Does COVID-19 transmit through meat and vegetables?

The Centers for Disease Control and Prevention, a leading, national public health institute of the United States, says that the coronavirus is transmitted from person to person, primarily through respiratory droplets. That makes it unlikely for the virus to appear in food. CDC officials claim there’s no evidence of COVID-19 being transmitted through food, even if someone handling it coughs or sneezes nearby.

Experts say, there’s no need to worry, if consumers follow safety measures while preparing food such as washing produce and cooking meat to proper temperatures.

Explaining that food doesn’t travel into the respiratory system, Ben Chapman, a professor at N.C. State who studies food safety, said: “The good news with this particular virus is that it is not a foodborne virus.” He said that most of the food that we eat goes into our gut and ends up encountering a whole bunch of acid in our stomachs. As a result this virus particularly doesn’t really remain infectious once it hits the stomach.

Expert explained that if a respiratory droplet from COVID-19 was consumed, our digestive system would break the virus down and it would not affect us.

Unlike all pathogens, such as E. coli or norovirus, this virus is unlikely to harm us because our bodies have the ability to break it down even if someone were to cough on our food, which is not true with gastrointestinal foodborne viruses like Hepatitis A or norovirus which make people ill through contaminated food. U.S. Food and Drug Administration claim that food exposure is unlikely to transmit COVID-19.

Eating without getting sick

U.S. Department of Agriculture has issued guidance to protect against COVID-19 which asks to follow four basic practices to make food safe: make sure supplies and food preparation surfaces are clean, separate raw meats from fresh produce, cook foods thoroughly, and chill food thoroughly after it’s cooked.

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Chapman says, beef, poultry, fish and flour, which is a raw food, can have pathogens associated with them because of the way we get food. But proper preparation would eliminate the risk of getting sick, he says. USDA claims that the virus could be killed if the beef, pork, veal and lamb are cooked at a temperature of 145 degrees Fahrenheit and poultry at 165 degrees Fahrenheit. These high temperatures would also kill any potential coronavirus, claim experts.

Raw meats must be separated from raw vegetables and cooked foods to prevent foodborne illnesses. Meat and poultry products also need to be separated so that their leaked juices do not contaminate other food.

Joe Reardon, assistant commissioner of the North Carolina Department of Agriculture emphasized the need to wash hands properly to make sure there is not room for cross-contamination in the home. Leftovers need to be refrigerated quickly and stored properly in the refrigerator to prevent cross-contamination, he added.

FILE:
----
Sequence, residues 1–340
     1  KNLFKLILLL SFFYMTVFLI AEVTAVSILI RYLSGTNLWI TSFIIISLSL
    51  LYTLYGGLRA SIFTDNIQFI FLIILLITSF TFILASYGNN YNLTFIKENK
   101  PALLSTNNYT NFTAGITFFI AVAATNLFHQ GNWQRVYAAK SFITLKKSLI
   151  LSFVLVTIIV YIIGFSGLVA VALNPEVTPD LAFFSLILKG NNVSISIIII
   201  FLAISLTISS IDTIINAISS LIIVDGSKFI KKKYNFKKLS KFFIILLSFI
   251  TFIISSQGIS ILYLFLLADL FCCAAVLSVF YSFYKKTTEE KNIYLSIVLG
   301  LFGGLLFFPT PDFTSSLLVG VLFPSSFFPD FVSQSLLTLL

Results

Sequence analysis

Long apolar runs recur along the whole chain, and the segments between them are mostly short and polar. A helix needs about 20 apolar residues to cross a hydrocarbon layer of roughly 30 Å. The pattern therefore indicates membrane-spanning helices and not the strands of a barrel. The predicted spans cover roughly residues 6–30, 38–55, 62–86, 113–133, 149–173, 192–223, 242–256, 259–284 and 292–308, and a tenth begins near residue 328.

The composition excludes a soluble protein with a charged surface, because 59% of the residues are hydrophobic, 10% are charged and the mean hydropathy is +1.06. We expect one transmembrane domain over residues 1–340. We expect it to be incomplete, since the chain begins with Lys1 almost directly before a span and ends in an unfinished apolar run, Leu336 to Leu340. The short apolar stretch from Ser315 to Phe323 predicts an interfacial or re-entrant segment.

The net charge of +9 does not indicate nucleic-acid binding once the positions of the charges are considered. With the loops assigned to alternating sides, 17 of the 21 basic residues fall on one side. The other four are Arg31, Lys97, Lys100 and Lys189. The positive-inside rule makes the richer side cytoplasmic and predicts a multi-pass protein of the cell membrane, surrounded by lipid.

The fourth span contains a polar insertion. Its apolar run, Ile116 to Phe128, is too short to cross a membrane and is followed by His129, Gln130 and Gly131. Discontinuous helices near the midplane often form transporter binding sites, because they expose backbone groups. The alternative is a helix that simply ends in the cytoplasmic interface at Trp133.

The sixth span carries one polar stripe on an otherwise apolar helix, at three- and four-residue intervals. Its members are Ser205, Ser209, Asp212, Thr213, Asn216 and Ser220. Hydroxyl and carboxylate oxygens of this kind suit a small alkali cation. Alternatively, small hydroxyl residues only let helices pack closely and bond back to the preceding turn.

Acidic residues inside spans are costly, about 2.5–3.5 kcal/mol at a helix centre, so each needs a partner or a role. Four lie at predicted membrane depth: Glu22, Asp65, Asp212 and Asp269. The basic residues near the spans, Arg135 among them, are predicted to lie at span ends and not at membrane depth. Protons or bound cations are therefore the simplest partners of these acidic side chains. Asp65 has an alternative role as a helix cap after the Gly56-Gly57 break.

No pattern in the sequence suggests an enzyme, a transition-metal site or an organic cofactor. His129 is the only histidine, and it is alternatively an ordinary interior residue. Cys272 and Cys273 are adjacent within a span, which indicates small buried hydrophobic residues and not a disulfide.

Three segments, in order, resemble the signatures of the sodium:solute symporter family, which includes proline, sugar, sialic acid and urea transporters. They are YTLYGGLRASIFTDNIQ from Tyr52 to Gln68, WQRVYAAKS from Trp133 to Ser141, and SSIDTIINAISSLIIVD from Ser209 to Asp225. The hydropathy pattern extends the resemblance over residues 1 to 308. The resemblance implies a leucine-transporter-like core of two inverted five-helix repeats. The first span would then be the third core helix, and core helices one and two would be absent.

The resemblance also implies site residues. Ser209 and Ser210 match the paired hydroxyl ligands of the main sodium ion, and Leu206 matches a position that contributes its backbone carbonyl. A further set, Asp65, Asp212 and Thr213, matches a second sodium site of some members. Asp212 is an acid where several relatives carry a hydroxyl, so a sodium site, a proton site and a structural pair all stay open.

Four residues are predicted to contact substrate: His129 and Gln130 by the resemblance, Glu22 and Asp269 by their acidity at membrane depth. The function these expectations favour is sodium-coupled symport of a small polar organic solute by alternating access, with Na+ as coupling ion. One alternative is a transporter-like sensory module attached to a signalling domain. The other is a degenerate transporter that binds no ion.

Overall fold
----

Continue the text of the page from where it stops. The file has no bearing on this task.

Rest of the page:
Soap and water do the trick

Those who handle foods must wash their hands thoroughly by soap and water and other disinfectants to eradicate bacteria from one’s hands.

Using of normal soap is the best option as antibacterial soap kills bacteria and is not formulated for viruses. Chapman also says washing – best done with hot water – removes soil that may contain virus particles and allows those particles to go down the drain. He further added that alcohol-based hand sanitizer might not be the best in food safety situations because the solution does not kill every virus.

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Chris Gunter, an N.C. State professor, says that research has shown a minimum 10-15 second scrub is necessary to remove transient pathogens from the hands and when an antimicrobial soap is used, a minimum of 15 seconds is required.

The CDC asks consumers to wash their hands for 20 seconds and scrub for an extra five seconds. Gunter advises to use warm water temperature to achieve the maximum surfactant effect of the soap.

Vegetable safety

According to Chapman, eating raw foods such as salads are still safe. He noted that the only way for a person to catch the coronavirus from a sick farmer is if they personally traveled to the farm and were in contact with an infected farmer.

North Carolina Health News quoted Ben Chapman as saying “The biggest risk in COVID-19 has nothing to do with food or surfaces, the biggest risk is being around other people.” He added: “When it comes to food and food packaging we don’t have any evidence of people getting sick, getting the virus through those means. The risk of getting sick from food is extremely low.”

If a farmer coughs or sneezes on food, it can infect a person if he touches that produce, but if the person does a lot of hand-washing, after he handles food, he can protect himself, not just from COVID-19, but from other foodborne illness issues as well. Consumers are recommended not buy damaged or bruised vegetables and only touch the fruit or vegetable that they are going to purchase.

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